We’ve covered small wings, because that’s been a trend for some years, but what about larger wings? Is it dangerous to fly big wings?

This is really about wing loading: all-up weight per square meter of flat wing are. The chart in that article shows the sweet spot is around 9 lbs per m². 

Here are the pros and cons of flying at light wing loadings.


Up to a point, it takes less power to fly them. Speed decreases with lighter wing loading which means drag decreases. Power required, and therefore fuel burned, just to stay aloft decreases. Since speed slows down, mileage (miles per gallon) may get worse.

Run speed is slower to liftoff.

Flying really slow can be really cool.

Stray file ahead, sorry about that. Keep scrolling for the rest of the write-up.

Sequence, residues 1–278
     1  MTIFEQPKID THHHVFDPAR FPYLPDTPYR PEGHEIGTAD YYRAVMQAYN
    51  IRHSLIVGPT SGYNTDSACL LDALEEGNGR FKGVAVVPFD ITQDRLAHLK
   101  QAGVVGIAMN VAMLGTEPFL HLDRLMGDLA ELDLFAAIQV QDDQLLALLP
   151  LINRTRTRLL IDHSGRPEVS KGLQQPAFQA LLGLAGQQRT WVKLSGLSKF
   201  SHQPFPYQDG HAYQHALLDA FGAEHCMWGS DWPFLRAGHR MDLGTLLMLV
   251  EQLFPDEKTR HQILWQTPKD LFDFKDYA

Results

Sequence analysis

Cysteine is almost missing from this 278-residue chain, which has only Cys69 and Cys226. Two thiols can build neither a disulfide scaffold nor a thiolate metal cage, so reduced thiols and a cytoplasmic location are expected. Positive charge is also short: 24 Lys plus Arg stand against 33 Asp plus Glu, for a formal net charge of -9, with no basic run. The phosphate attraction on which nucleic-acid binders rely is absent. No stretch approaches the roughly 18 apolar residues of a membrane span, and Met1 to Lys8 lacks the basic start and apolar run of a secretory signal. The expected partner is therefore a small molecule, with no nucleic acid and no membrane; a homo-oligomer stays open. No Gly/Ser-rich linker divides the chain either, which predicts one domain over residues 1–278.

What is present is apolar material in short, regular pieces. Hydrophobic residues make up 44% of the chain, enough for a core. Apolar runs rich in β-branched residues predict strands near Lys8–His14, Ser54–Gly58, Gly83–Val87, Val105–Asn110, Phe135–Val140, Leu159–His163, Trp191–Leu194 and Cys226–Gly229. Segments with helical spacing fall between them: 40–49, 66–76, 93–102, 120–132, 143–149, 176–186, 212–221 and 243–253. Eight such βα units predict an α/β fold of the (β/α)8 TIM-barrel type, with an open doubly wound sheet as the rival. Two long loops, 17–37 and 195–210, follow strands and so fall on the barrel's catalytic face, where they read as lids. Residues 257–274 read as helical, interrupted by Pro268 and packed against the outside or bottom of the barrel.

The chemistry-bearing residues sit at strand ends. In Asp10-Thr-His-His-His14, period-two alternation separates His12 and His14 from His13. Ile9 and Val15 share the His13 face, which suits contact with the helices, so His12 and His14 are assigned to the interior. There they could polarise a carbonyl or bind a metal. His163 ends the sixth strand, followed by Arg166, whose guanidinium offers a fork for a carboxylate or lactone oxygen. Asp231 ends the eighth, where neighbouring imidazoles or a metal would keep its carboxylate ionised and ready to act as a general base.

• The chance for collapse increases as wing loading decreases. This is caused crashes. Flying lightly loaded in turbulence has proven to be extremely risky.
  • Inflation in no wind is harder because longer lines mean the wing has farther to come up, AND the increased wing area makes it harder to pull it.
  • Slow speed means that unexpected wind increases are more impactful. Getting dragged on the ground is more likely, is is being blown backwards.

The lighter your loading is below ideal, the more powerful these affects are. I’m 145 pounds and have flown a tandem wing but did it on a calm morning. I wouldn’t dream of doing that in anything over level 1 turbulence (see bump scale).

At least one pilot is no longer walking after an accident that happened after taking up a large glider in level 3 turbulence, which isn’t that bad. It folded up and he pounded in. Of course we can’t know for sure that this would NOT have happened on a properly loaded glider, but such a collapse was extremely unlikely in those conditions.

I point these things out as a reminder to myself of how consequential these decisions are.